by Enzo Coccia
For many years I have heard from customers, suppliers, workers, emigrants that the pizza in Naples is better than anywhere else in the world for the water used in preparing the pizza dough. It is not true!!!
To debunk this unfounded belief, first of all, we should think about the function that the compound with the formula H2O plays into the mixture that delights the palates all around the world.
Water is a key ingredient in the formation of the pizza dough. Adding the water, generally in an amount of 55 – 60% compared to the weight of the flour, promotes the hydration of all the molecules which have a strong affinity for this solvent. Besides hydrating the macro-molecular elements, it enables the gluten development, regulates the enzymatic activities, is an essential means for the yeast life, hydrates the starch granules during the baking allowing the gelatinization and exerts an important solvent effect for some ingredients such as the glucose, the sucrose, the salt.
In the past the much acclaimed water of Naples originated from several rivers, some of them were underground rivers, some other were navigable rivers as the Sebeto which, coming down from Mount Somma, flowed in the eastern area of the city. In the late Middle Ages, the urban development started to reduce this legendary stream until it totally disappeared at the beginning of the 20th century. Since 1885, however, for the second time after the Romans, the water started to be drawn from Serino spring, in Irpinia, from which comes much of the water supply in Naples. Although the water that flows from the taps of Neapolitan houses was, some time ago, under inquiry, the Abc, the municipal water company, and the Asl, the local health authority, ensure that reflects the parameters of potability imposed by law.
Being potable is, in fact, the first condition for the water used for making the dough, it must have specific organoleptic, chemical and microbiological standards (according to the guidelines set by the World Health Organization): it must not possess unusual or unpleasant taste and any odor both cold and at 60°C, it must be clear and colorless (organoleptic requirements), it must be completely free from different types of pathogens (microbiological standards).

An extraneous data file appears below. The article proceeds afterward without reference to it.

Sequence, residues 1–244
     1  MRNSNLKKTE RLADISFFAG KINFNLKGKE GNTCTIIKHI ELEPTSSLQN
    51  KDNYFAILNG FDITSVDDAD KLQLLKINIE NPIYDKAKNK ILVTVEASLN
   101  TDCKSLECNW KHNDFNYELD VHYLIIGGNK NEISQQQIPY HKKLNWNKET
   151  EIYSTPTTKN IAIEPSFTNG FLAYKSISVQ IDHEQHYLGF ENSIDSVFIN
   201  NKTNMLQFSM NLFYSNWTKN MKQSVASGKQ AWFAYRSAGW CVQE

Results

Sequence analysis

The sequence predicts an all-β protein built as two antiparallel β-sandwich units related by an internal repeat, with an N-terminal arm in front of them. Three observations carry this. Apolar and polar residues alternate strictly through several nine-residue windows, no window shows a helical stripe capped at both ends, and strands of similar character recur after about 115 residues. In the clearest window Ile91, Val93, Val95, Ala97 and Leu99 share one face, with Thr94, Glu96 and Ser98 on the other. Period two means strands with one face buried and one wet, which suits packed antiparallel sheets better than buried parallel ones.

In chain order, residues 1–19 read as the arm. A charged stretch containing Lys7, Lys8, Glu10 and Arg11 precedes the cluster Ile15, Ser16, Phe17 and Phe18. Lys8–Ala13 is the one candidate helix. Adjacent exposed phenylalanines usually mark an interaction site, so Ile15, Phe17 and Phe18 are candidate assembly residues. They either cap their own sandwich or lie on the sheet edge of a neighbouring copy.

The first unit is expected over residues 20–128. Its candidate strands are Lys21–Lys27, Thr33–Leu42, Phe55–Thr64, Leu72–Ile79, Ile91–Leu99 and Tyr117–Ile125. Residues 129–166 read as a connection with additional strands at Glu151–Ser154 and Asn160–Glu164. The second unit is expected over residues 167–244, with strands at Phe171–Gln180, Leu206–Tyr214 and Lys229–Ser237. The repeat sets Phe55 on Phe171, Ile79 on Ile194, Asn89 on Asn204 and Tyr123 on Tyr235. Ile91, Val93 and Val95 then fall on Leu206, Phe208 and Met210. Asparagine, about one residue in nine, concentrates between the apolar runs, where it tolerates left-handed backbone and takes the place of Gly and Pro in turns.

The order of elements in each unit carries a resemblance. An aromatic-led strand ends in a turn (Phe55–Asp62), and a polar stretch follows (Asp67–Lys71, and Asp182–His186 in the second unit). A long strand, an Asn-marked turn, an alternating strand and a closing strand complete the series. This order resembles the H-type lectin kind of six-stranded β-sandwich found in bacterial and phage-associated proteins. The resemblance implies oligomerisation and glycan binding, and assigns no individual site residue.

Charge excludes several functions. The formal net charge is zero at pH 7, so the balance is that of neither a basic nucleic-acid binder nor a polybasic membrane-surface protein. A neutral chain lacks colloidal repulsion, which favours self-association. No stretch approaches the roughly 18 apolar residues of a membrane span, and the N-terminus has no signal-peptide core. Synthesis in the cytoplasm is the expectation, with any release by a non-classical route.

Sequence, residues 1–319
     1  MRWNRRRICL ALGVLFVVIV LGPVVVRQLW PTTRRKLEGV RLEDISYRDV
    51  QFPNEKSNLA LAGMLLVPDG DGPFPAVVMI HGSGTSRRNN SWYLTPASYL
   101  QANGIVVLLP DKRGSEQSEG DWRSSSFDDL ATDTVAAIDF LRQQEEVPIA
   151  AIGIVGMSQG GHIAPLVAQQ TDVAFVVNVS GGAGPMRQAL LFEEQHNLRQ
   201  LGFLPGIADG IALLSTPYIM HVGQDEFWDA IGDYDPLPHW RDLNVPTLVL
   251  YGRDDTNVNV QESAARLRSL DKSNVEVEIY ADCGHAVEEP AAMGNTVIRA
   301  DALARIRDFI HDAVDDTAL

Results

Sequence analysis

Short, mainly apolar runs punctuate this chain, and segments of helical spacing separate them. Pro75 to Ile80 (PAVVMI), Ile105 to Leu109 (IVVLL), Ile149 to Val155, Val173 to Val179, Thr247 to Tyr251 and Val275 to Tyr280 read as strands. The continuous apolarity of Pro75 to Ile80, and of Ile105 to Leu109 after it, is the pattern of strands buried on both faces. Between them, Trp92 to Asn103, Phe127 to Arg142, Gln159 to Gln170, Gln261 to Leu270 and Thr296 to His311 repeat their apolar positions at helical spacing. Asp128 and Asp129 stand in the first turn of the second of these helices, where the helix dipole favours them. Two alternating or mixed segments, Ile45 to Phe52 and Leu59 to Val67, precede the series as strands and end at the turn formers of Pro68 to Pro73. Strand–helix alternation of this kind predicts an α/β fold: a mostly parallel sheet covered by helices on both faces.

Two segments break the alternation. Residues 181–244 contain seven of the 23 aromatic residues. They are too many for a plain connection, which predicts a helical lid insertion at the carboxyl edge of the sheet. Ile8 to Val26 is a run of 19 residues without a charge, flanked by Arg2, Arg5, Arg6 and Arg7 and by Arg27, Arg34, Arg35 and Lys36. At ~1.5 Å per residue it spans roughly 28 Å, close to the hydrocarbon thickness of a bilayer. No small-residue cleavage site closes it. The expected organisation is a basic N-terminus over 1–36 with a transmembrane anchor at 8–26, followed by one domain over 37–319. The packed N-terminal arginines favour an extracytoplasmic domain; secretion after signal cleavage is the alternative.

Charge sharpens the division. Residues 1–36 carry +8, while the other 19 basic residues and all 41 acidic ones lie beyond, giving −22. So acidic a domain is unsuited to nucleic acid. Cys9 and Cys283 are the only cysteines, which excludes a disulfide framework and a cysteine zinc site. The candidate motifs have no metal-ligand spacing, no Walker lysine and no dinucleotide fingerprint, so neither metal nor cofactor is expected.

The water used for making the dough is classified according to the hardness which is measured in French degrees. The mineral salts, especially calcium and magnesium, dissolved in it interact with the proteins. For making pizzas, the soft water (up to 5 French degrees) produces a sticky dough, while the use of very hard water (more than 20 French degrees) causes poor gas production, limits the yeast activity, creates a tougher gluten network requiring a longer time to rise. Moreover, an excess of mineral salts can give sensory problems to the final product.
An important parameter to take into account is the water temperature that affects the dough temperature which must be 21 ± 3°C not to interfere with the yeast activity. Furthermore, it should be studied the pH which is a measure of how acidic/basic water. The range goes from 0 – 14, with 7 being neutral. A pH of less than 7 indicate acidity, whereas a pH of greater than 7 indicates a base. For the Neapolitan pizza it would be better a neutral pH, but, as shown below, the analysis indicate a basic water.
During my experience as a consultant abroad, only twice I had problems with the water: in Palestine, where the water is non-potable, and in Canada, specifically in Calgary, where, since the values of magnesium and calcium are below the limits mentioned, I was compelled to use some corrective actions on the parameters.
If we compare the water quality of Naples with that of Milan and New York, as you can see from the summary tables below, the values of hardness, calcium and magnesium are very similar, so there isn’t any essential difference.
(Source: ABC Napoli)
So what is the secret of Neapolitan pizza? It is certainly not the water, but scientific knowledge, technique, practice and a pinch of love make it unique.